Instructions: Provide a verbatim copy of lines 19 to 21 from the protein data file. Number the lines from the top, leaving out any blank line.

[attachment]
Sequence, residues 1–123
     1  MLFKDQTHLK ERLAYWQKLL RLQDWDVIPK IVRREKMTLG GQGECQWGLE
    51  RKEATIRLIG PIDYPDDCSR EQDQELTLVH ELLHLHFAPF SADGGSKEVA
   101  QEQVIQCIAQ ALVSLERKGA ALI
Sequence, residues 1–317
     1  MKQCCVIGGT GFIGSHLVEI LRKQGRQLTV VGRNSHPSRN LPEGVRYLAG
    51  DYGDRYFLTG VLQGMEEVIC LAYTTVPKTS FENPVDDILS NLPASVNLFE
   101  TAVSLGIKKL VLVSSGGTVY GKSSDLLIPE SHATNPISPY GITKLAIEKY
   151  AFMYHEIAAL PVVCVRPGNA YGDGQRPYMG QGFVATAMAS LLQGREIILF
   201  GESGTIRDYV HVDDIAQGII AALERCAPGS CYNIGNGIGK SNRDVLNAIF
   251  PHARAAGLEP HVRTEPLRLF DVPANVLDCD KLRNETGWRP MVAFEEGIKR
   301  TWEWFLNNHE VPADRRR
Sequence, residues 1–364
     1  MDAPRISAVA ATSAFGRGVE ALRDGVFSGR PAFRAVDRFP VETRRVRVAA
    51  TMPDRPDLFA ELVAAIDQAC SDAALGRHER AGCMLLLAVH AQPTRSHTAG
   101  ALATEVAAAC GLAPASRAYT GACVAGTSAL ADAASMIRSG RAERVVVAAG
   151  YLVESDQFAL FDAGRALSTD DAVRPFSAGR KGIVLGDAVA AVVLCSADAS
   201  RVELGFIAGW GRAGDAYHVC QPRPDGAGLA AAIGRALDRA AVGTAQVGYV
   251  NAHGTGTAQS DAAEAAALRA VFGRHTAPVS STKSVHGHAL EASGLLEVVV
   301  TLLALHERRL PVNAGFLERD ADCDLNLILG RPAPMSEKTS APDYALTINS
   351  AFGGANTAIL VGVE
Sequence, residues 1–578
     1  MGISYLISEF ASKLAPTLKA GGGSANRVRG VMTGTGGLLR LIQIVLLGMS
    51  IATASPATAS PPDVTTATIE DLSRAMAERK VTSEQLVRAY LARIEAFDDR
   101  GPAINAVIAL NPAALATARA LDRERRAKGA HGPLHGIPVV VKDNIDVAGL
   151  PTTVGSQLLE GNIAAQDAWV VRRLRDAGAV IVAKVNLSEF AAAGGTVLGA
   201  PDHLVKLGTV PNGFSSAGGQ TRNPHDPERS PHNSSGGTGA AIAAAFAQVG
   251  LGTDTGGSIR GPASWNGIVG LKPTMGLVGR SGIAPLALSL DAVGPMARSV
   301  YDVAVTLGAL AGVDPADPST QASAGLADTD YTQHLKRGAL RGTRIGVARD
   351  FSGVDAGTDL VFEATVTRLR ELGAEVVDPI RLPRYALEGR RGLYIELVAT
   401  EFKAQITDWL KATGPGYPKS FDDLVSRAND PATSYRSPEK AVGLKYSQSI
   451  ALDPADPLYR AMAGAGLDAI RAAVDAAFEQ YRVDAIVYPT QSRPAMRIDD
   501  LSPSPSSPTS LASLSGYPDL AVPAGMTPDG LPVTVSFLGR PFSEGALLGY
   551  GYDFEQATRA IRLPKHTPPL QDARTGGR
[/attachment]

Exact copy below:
   251  NAHGTGTAQS DAAEAAALRA VFGRHTAPVS STKSVHGHAL EASGLLEVVV
   301  TLLALHERRL PVNAGFLERD ADCDLNLILG RPAPMSEKTS APDYALTINS
   351  AFGGANTAIL VGVE